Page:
Counting sheep, white noise machines, hypnosis. People will try just about anything to get a good night’s sleep! And with good reason. Sleep has incredible physical and emotional benefits, providing the foundation for many of the body’s essential functions.
Sleep is involved in the healing and repair of the heart and blood vessels. Our hormones are regulated during sleep, including hunger hormones, which can cause us to feel hungry when they are disrupted by a lack of sleep. The brain uses the rapid eye movement (REM) stage of sleep to sort important information and file long-term memory. Without enough sleep, it can be difficult to concentrate and remain alert. Getting enough sleep also provides a mood boost, and research has shown that a chronic lack of sleep can increase the chance of having a mood disorder.
According to the American Academy of Sleep Medicine, adults should aim for 7-8 hours of quality sleep each night. Setting and maintaining a consistent bedtime schedule (on weekdays and weekends) can help with achieving your sleep goal. Limiting screen time, taking a warm bath or setting aside some time before bed for quiet activities such as meditation or reading a book can help you ease into sleep. Some people take naps as a way to help make up for lost sleep, however, napping doesn’t provide all of the restorative health benefits of nighttime sleep.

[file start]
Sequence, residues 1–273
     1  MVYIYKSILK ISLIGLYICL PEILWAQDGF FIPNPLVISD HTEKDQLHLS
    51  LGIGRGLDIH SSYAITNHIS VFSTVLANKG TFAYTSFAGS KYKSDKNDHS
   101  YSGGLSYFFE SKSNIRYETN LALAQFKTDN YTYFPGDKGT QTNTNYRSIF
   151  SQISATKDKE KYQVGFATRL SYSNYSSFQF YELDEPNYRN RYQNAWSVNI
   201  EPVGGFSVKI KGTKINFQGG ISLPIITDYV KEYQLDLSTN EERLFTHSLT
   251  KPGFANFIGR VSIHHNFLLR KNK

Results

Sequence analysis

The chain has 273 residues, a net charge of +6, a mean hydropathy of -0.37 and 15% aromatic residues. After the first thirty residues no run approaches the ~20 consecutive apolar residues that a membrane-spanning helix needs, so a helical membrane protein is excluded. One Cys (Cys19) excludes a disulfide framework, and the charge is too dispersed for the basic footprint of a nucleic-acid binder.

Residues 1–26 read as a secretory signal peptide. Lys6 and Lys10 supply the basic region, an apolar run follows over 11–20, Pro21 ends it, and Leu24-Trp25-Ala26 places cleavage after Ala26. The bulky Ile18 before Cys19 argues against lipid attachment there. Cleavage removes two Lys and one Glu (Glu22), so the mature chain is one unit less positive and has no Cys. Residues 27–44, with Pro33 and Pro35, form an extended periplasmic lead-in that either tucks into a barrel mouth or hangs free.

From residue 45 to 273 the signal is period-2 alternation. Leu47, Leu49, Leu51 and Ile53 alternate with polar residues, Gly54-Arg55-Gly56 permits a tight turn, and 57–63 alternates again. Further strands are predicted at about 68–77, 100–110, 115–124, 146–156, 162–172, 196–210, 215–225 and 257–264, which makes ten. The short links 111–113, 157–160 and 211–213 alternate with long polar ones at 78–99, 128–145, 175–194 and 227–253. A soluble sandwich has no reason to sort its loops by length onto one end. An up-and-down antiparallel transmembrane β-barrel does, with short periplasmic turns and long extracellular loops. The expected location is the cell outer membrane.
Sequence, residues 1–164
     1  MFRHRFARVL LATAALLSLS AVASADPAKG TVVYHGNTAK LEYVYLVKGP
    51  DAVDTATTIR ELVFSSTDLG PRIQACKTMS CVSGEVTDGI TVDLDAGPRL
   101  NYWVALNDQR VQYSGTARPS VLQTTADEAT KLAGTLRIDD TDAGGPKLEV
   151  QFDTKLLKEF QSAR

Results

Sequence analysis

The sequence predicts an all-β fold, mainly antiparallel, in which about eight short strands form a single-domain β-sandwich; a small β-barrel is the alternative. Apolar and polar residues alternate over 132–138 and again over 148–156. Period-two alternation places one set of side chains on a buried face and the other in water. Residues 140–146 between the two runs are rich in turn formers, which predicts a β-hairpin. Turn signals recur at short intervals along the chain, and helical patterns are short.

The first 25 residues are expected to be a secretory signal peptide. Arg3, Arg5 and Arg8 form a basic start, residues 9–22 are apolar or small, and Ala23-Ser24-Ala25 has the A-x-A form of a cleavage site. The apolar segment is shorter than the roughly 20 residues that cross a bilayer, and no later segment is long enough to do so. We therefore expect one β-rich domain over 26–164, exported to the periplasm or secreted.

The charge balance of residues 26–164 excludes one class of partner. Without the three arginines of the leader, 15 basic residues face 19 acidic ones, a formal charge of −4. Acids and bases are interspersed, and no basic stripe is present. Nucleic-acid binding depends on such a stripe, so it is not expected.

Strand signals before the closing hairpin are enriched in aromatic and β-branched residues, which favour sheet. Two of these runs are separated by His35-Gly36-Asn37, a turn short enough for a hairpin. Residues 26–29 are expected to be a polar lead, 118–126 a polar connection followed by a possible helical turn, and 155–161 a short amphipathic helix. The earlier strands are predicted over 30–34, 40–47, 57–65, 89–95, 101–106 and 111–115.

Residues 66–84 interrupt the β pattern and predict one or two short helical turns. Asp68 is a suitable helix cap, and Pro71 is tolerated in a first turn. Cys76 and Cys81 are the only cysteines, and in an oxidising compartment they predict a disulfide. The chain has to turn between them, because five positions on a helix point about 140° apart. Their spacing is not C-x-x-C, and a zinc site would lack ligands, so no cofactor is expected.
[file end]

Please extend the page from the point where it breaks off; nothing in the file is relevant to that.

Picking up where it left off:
Getting enough sleep each night is essential for protecting our physical health, mental health and quality of life. Sleep deficiency has been linked to serious health problems, including heart disease, kidney disease, high blood pressure, diabetes, obesity and depression. Because sleep plays such a crucial role in our overall health and well being, prioritizing consistent, quality sleep is an important habit to develop. So lie back, relax and snooze your way to a healthier you!